In Lagos, he explained that his invention was driven by the need to connect the world’s population using innovation and technology.
According to him, as the Internet reshapes lives globally, people have a responsibility to make sure it is recognised as a human right.
The Internet since its creation has broken boundaries, connected people around the globe, empowered business and availed information to the citizenry at a click.
Figures recently released by the International Telecommunication Union shows that 51.2 percent of the world’s population are now online.
But that is not enough for the President of the World Wide Web Foundation, Adrian Lovett.
“We need to say now that we can’t stop here. We can’t even stop at 60, 70 or 80 percent. The Web was always meant to be for everyone, and this is our chance to redouble efforts to make sure that we secure that goal,” he said.
Former Minister of Communications, Omobola Johnson, who was also at the event suggested ways to get more women technologically empowered.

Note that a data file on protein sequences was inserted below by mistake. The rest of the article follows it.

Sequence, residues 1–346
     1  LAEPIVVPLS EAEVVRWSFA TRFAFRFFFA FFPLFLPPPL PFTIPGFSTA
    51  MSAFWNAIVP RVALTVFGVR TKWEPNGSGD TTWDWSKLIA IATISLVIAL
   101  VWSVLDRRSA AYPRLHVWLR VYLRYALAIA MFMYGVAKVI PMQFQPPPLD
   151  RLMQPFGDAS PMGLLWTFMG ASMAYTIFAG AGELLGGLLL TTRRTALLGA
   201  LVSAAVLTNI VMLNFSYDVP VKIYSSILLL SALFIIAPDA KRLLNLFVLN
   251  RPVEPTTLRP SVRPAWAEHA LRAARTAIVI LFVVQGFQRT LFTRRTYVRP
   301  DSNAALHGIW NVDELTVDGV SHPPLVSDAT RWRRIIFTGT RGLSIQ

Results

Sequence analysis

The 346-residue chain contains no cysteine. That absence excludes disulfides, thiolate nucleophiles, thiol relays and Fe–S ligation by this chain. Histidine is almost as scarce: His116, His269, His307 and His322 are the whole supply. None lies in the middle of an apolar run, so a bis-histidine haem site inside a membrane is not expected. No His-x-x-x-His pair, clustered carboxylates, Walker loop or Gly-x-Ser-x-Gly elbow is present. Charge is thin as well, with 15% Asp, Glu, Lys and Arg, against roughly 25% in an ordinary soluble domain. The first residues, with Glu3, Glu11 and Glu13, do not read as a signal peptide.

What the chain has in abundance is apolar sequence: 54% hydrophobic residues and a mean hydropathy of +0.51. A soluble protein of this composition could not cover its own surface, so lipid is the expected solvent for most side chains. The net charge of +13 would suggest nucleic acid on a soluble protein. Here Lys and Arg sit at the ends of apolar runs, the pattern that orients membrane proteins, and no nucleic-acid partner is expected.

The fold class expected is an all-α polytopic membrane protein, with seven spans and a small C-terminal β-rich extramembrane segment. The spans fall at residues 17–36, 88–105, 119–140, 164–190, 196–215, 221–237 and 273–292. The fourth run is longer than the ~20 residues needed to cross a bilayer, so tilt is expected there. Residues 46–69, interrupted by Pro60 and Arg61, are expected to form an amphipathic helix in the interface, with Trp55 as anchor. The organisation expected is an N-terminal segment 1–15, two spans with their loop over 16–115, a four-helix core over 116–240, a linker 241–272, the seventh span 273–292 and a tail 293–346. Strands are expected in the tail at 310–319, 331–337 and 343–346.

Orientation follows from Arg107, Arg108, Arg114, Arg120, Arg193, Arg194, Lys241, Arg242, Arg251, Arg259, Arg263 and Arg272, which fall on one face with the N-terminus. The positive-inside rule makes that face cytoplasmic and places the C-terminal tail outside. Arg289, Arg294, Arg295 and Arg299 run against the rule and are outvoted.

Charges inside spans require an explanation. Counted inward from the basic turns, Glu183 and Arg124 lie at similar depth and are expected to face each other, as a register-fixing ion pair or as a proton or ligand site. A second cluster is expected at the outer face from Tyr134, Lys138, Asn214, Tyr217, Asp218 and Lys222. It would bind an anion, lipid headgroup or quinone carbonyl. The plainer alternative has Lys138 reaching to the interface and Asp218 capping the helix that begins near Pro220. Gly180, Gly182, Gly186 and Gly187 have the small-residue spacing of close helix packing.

“There has got to be a deliberate effort to get women to not be afraid of technology,” she said.
“That means we need to encourage young girls from early ages to interact and engage with technology. Again, we have to start making technology an attractive option for women.”
However, in view of the 30th anniversary of the World Wide Web, over 11,000 survey respondents from across Europe, the Middle East and Africa shared what the Web has made possible for them today, and what they hope it will make possible for future generations.
Whilst the web has delivered many ‘firsts’, from the first website (info.cern.ch – 1990) and the first online takeaway order (pizza -1994) to the first Internet connection in space (Cisco – 2010), people’s ambitions for the Internet’s future overwhelmingly highlight what it can make possible for society.
Enabling ‘better access to education’ tops the list of respondents’ aspirations for the future of the Internet (63 percent), followed by enabling ‘better access to healthcare’ (57 percent).